During the first leg of the bear market, the S&P 500 fell 20% due to valuation compression. We believe that declining earnings expectations will drive the next leg of the bear market as the credit cycle turns down and the economy heads toward recession.
We estimate that the second leg of the bear market will drive the S&P 500 to 3200 by this fall, which is a 34% peak-to-trough decline and in line with the average bear market since WWII. Additionally, at 3200, the S&P 500 would sell at about 16 times peak GAAP earnings and retrace 61.8% of the bull market from the Pandemic low.
Stocks are in a bear market because inflation and the sharp increase in interest rates caused valuation levels to fall from overvalued to fairly valued. Currently, inflation is 8.3%, and the Fed has indicated that they will raise interest rates and tighten financial conditions to slow growth and reduce inflation. Although most Fed tightening cycles led to a recession, Wall Street is forecasting robust 10.1% earnings growth. Recent earnings reports from Amazon, Walmart, Target, and Cisco indicate that 10% growth is unlikely.
Higher interest rates and declining valuations drove the first leg of the bear market. The second leg of the bear market will be driven by declining earnings expectations caused by a declining credit cycle and a slowing economy. In this high-risk environment, we are focused on preserving capital until there is less uncertainty and the market offers a favorable risk-reward.
Our Model Portfolio:
The benchmark for our model portfolio is the Traditional Blend — 60% equity, 40% bonds. Our goal is to outperform the benchmark with less risk. To outperform, our investment portfolio is diversified and economically balanced. We eliminate laggards and tilt the portfolio toward our location in the business cycle. Finally, to manage risk, we volatility-weight our positions and set a volatilty target equal to our benchmark's historc risk level. When volatility increases, our asset allocation dynamically reduces our equity risk exposure.
Last year, the Fed failed to remove its emergency monetary measures (used to stabilize the economy during the pandemic) because it believed inflation was “transitory.” We thought their monetary mistake would lead to accelerating economic growth and an inflationary surge, so we eliminated interest-sensitive securities and added value and energy stocks, commodities, gold, and TIPs (U.S. Treasury Inflation-Protected Securities) to perform well in a reflationary period (accelerating growth and inflation).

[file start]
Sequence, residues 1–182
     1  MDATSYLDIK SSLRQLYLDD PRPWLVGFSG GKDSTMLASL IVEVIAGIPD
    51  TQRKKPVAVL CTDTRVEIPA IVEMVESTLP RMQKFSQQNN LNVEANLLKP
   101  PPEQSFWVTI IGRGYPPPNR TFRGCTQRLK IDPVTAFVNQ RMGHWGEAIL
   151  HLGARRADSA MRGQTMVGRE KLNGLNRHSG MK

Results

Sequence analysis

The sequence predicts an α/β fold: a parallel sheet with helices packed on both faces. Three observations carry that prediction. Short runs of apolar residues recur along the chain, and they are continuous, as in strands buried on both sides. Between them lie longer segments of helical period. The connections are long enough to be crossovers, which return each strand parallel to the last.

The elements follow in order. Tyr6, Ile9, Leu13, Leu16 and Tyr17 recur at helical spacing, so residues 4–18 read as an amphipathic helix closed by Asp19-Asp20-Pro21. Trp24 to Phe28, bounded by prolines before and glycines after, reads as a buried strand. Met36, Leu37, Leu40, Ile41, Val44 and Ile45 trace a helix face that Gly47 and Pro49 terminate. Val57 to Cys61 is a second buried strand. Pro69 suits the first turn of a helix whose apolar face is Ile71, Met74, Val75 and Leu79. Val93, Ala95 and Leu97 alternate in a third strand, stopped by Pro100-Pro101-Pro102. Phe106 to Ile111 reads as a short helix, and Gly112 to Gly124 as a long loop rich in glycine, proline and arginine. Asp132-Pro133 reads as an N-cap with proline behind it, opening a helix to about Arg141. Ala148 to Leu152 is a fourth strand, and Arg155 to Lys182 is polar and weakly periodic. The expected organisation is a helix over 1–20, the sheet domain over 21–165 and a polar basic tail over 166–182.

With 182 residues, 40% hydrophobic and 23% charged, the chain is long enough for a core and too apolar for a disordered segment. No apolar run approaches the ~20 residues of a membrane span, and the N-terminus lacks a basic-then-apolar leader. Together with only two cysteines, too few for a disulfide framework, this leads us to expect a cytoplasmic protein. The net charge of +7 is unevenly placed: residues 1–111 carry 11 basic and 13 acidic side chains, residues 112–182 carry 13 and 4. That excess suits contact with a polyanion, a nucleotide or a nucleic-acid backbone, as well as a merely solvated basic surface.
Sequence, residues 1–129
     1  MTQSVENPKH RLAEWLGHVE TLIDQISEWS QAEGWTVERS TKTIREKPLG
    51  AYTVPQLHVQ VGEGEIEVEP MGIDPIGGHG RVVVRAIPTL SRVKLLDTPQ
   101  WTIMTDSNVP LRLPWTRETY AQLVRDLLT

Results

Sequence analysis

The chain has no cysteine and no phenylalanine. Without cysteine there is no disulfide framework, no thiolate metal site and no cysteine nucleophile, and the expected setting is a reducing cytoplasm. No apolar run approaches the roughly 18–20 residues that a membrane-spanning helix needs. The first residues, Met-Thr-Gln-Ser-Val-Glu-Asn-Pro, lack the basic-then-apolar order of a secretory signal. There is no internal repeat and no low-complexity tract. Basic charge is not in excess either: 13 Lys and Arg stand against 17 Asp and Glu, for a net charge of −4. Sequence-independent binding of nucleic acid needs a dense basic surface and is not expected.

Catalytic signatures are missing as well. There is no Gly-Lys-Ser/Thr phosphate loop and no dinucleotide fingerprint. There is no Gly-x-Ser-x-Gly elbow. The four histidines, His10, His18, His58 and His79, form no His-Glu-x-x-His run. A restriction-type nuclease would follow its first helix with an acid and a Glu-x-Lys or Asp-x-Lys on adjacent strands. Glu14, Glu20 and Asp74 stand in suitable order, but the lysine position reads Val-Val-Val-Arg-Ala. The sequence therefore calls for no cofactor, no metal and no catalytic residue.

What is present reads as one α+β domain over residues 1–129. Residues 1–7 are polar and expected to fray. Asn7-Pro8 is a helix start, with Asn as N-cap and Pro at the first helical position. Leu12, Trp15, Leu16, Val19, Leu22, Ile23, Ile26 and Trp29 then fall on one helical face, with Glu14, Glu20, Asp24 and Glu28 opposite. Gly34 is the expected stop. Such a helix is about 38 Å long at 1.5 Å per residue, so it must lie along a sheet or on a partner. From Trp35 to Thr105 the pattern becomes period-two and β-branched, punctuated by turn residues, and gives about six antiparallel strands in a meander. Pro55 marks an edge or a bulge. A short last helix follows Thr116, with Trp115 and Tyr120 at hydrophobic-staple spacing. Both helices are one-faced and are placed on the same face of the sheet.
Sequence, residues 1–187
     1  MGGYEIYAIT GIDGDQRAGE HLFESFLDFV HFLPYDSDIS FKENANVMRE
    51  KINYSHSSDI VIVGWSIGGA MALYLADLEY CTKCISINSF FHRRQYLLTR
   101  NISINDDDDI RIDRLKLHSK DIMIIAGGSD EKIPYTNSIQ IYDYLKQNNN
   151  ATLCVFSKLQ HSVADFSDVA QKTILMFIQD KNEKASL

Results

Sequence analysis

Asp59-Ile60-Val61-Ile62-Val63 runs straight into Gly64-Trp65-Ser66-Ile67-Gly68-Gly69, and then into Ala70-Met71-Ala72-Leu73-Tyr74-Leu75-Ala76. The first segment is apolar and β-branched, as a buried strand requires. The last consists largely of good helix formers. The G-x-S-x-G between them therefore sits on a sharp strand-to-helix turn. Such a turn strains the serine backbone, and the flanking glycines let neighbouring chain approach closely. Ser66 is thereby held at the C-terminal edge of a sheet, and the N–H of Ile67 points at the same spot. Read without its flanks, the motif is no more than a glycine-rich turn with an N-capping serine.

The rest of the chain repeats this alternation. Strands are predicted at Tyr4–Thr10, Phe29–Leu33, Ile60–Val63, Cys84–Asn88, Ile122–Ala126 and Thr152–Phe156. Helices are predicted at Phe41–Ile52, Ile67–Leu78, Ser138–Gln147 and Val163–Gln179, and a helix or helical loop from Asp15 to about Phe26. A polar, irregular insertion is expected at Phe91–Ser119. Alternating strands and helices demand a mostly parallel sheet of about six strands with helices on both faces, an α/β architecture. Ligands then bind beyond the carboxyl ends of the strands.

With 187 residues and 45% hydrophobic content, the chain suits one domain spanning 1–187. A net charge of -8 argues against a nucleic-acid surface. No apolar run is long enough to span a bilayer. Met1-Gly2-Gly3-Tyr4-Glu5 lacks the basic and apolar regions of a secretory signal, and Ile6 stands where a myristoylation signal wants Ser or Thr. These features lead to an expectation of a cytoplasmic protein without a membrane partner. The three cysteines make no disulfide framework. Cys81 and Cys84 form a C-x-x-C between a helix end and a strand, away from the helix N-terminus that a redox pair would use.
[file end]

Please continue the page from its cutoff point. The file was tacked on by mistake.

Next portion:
We believe the economic growth rate has peaked (Q1 GDP was negative) due to the inflation burden, higher interest rates, and low consumer confidence, yet the Fed is embarking on its most aggressive tightening cycle in 40 years. History shows that most Fed tightening cycles led to recession, especially when the Fed waited for inflation to surge before acting.
Our portfolio is positioned for a stagflationary economic environment (slowing growth and elevated inflation). To perform well in this economic environment, we have invested in the market's defensive (not economically sensitive) sectors – utilities, consumer staples, and healthcare. Also, we added initial positions in the U.S. Treasury bonds that should act as a safe haven in a period of slowing economic growth. Our investments in energy stocks, commodities, gold, and TIPS should continue to perform well with elevated inflation.
In this high-risk environment, we will continue to focus on preserving capital until inflation subsides and the market offers a better risk-reward. To manage risk, we build a diversified and economically balanced portfolio to perform well in all economic environments (growth, inflation, recession). Next, we determine which economic environment we are in, and we tilt the portfolio to investments that perform best in that environment.
Finally, we employ a volatility target equal to our benchmark's historic level of volatility. When volatility (risk) rises, the portfolio's risk exposure is automatically reduced. Our benchmark has a 60% allocation to stock, and historically it has 0.58% of daily equity risk. Since market volatility is extremely elevated (60/40 blend currently has daily equity volatility of 1.32%), our equity exposure is reduced to 29.5% to maintain our desired daily risk exposure.
In sum, stocks are in a bear market, and volatility remains elevated. We remain focused on preserving capital in this risky and uncertain environment and remain underweight equities and overweight commodities and gold relative to our benchmark. We maintain a large cash balance, which reduces the portfolio's risk level and gives us the buying power to make future investments at better prices.
Our portfolio’s risk level (annualized volatility) is 15.6%, which is less than our 60/40 benchmark.
Current Risk-Weighted Model Portfolio:
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Disclaimer: The material in this newsletter is for educational purposes only and should not be considered as investment advice or a recommendation of any particular security, strategy or investment product. This newsletter is not a substitute for professional investment services. Past performance is no guarantee of future results, and there is no assurance that investment objectives will be achieved. Information contained herein has been obtained from sources believed to be reliable, but not guaranteed. All investments contain risk.
Manley Capital Management, LLC
J. Lawrence Manley, Jr. CFA